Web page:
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The ODE Library has dozens of pre-programmed, editable, and interactive ODE files covering a wide range of topics from mathematics, physics, chemistry, population biology, and epidemiology. There are also many ODEs to illustrate points such as data compression, ODEs with singular coefficients, bifurcations, limit cycles, and so on. Each Library file has explanatory text along with the equations and includes an illustrative graph or graphs. The Library files are organized into folders by topic and they have descriptive titles to facilitate browsing. These files also provide a marvelous way to learn how to use the tool.
ODE Architect was developed with partial support from the NSF/DUE,1 by the Consortium for ODE Experiments (C-ODE-E), Intellipro, Inc., and John Wiley & Sons, Inc. C-ODE-E saw to the mathematical side of things, Intellipro rendered C-ODE-Es work into an attractive multimedia software package, and John Wiley coordinated the efforts of both teams.
As in any project like this, we owe a debt of gratitude to many people: reviewers, beta testers, students, programmers, and designers. Specifically, we want to thank the other members of the C-ODE-E Evaluation Committee, Barbara Holland (John Wiley & Sons), Philippe Marchal (Intellipro), Michael Moody (Harvey Mudd College), and Beverly West (Cornell University). Without the many hours of hard work they put in on this project, it could not have been done.
We especially want to thank Professor L.F. Shampine for providing the excellent solver codes (developed by himself and his colleague, Ian Gladwell), and for his continuing support of the project. Thanks to Mark DeMichele at Intellipro, who wrote the code for the Architect and the implementation of the Shampine/Gladstone solver codes, and who put up with our constant “advice”. Another very special thanks to David Richards for designing and implementing the LTeX macros for the Companion book and for his patience and meticulous attention to detail during the many revisions. We also very much appreciate the reviewers, editors, and evaluators Susan Gerstein, Zaven Karian, Mario Martelli, Lang Moore, Douglas Quinney, David Cook, and Robert Styer for their many helpful comments and suggestions.
Finally, a big “thank you” to our students Tiffany Arnal, Claire Launay, Nathan Jakubiak, John Lu, Joel Miller, Justin Radick, Paul SanGiorgio, Treasa Sweek, and many others who read chapters, tested modules, and commented freely (even favorably) on what they experienced.
Robert L. Borrelli Courtney S. Coleman Claremont, CA
1 The work on ODE Architect and its Companion book was supported in part by the National Science Foundation under Grant Numbers DMI-9509135 and DUE-9450742. Any opinions, findings, conclusions, or recommendations expressed in this material are those of the authors and do not necessarily reflect the views of the National Science Foundation.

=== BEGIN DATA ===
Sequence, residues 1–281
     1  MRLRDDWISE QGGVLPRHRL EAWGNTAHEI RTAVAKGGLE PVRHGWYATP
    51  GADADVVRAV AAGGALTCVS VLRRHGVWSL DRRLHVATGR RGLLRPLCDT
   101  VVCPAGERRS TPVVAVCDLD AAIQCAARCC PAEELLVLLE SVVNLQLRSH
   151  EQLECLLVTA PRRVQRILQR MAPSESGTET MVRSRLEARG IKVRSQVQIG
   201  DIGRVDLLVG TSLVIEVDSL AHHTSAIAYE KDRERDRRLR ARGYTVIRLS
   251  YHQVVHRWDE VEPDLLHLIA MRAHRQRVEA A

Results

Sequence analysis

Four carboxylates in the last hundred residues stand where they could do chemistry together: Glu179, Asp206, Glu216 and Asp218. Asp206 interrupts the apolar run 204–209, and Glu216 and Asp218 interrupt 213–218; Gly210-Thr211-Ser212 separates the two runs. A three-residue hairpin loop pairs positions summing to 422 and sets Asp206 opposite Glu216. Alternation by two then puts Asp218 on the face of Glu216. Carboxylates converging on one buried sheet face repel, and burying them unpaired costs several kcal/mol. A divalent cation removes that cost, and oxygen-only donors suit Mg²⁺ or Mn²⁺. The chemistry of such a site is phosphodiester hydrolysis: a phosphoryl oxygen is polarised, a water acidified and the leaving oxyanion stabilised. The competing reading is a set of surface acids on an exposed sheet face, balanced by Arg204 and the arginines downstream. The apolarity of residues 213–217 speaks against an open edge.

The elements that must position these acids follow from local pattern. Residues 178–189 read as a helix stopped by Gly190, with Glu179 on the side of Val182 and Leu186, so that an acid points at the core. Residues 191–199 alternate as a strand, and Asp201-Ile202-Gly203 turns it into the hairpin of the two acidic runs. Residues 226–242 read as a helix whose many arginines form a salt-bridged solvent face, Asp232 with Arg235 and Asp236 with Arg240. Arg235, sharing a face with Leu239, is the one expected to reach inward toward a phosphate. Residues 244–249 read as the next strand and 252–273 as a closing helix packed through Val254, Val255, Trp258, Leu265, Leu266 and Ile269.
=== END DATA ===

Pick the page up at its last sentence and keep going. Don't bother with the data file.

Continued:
Modules/Chapters 1-3 are all introductory modules for first-order ODEs and simple systems of ODEs. Any of these modules/chapters can be used at the beginning of an ODE course, or at appropriate places in elementary calculus courses.
Modules/Chapters 4-9 involve higher-order ODEs and systems and their applications. Once students understand how to deal with two-dimensional systems graphically, any of these modules/chapters is easily accessible.
Modules/Chapters 10-12 apply two-dimensional systems to models that illustrate more advanced techniques and theory; the multimedia approach makes them nevertheless quite accessible. The modules are intended to enable students to get much further with the technical aspects explained in the chapters than would be otherwise possible.
Module/Chapter 13 treats discrete dynamical systems in an introductory fashion that could be used in a course in ODEs, calculus, or even a non-calculus course.
A Multimedia appendix on numerical methods gives insight into the ways in which numerical solutions are constructed.
Description/Prerequisites for Individual Modules/Chapters
We list below for each Module/Chapter its prerequisites and some comments on its level and goals. In general, each module progresses from easier to harder submodules, but the first section of nearly every module is at an introductory level.
The modules can be accessed in different orders. It is not expected that they will be assigned in numerical order. Consequently, we have tried to explain each concept wherever it appears, or to indicate where an explanation is provided. For example, Newton’s second law, F = ma, is described every time it is invoked.
There is far more material in ODE Architect than could possibly fit into a single course.
Module/Chapter 1: Modeling with the ODE Architect
Assumed concepts: Precalculus; derivative as a rate of change
This module is unlike all the others in that it is not divided into submodules, and it provides a tutorial for learning how to navigate ODE Architect. It carries that tutorial process along in tandem with an introduction to modeling that assumes very little background.